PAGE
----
Catch the Wind

It was back in 1974. We were in the Ship Inn in the snug, planning and strategising. Tuesday night was always Guinness training, though the Irish drink was always too heavy for me so I settled for a Mackeson. About my height and with longer hair, and much more round, Hoss was known for 2 things: He always wore the same leather waistcoat and he snored loudly. Lampy, on the other hand, had just one claim to fame. He was very tall!

We were planning a trip to Mersea Island at the same time as the festival which featured the Incredible String Band and T-Rex who were on the bill. Our parents wouldn’t let us go, so someone suggested doing the next best thing… sailing! Lampy’s parents had a dingy moored down on the island. He’d done a bit over the years, so 'let’s give it a try', he suggested. We travelled down. Next morning we’re on the quayside donning orange sailing jackets we’re running across a pebbly beach pushing a small sailing dinghy towards the water and looking ridiculous, waves are splashing all around us. We bob up and down in the water. Before we’d left the shores, Lampy had told us about an important discipline in sailing called ‘tacking’. In fact, he’d even shown us, in the sailing handbook for beginners, that ‘if you’re afraid of capsizing, your tacking will be at best mediocre’.

Once we were acclimatised, Lampy told us it was time to tack. He shouted something, I can’t remember what it was, but it made a guttural sound. Then we had to lean out. It was scary but the boom swung violently across our heads. Somehow the act of leaning had a correlation with us catching the wind. Lampy was leaning right out, he’d done it before. I never did catch the bug for sailing; I got a bit scared, but I could see our speed and trajectory was dependent on trusting the wind. The more we leaned, the faster we would go. As the handbook said, if you are afraid of capsizing, your tacking will be mediocre. It came natural to Lampy; I was far too cautious. With an evident smile across his face he was abandoned to the moment. From the distance I could hear some music from the festival wafting over across the bay. Someone was singing. It was an old Bill Withers song; something about ‘Lean on Me’.

We all have a tendency to get stuck in our ways, preferring to rely on predictable patterns of self-reliance. Songwriter, Billy Bragg, put it succinctly when he wrote of a character that was “trapped in a haircut that he no longer believed in”. The process of breaking free often involves times of confusion, disorientation and disillusionment, but these things, when embraced fully, can have the power to become the catalyst to propel us beyond ourselves.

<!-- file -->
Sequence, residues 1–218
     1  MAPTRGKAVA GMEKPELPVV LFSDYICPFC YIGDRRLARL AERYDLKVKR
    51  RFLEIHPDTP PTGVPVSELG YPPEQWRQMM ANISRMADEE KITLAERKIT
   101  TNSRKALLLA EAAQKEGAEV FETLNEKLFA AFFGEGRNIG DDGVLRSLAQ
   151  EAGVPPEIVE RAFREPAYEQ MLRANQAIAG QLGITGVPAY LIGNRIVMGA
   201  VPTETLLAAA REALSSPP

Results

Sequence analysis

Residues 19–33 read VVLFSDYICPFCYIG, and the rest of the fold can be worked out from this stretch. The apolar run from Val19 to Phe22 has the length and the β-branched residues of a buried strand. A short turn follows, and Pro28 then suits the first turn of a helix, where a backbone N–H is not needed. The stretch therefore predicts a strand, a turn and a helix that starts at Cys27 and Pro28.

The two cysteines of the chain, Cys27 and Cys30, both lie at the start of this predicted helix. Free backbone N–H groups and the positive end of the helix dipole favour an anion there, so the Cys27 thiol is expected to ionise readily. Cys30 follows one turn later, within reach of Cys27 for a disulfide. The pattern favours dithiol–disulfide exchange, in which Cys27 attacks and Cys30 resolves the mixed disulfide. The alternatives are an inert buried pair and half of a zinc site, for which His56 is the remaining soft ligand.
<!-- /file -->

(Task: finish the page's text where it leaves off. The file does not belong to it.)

Some believe that God will come at the last minute; the 11:59 God, one minute before we turn into Cinderella. I’m not so sure I believe that. Sometimes it’s one minute past 12 that he comes, because when we reach the end of out tether we begin to learn the secret of trust.

150 years ago, the artist Degas famously wrote “only when the artist no longer knows what he’s doing does he do good things”. I have found that the most creative people I know are the ones who face the most self-doubt before embarking on a new creative venture. The accumulated knowledge through past work or achievements does not satisfy; they prefer to dig deeper risking reputation or criticism in the exploration of something new. Surely any true act or worship requires a letting go of the tried and tested formulas from our natural resources and mind and to step into another dimension entirely. To use an analogy, past data on how to cope stored on the hard drives of our lives pales into insignificance compared with the possibilities of plugging into the super information highway.

Part of my journey has been to identify with the apostle Paul who wrote “of myself, I can do nothing” but gradually another light is dawning, that everything is possible when our weakness is infused with divine strength.

Perhaps we could all do well to heed the call of Lampy to abandon our mediocrity and to lean out fully to catch the wind.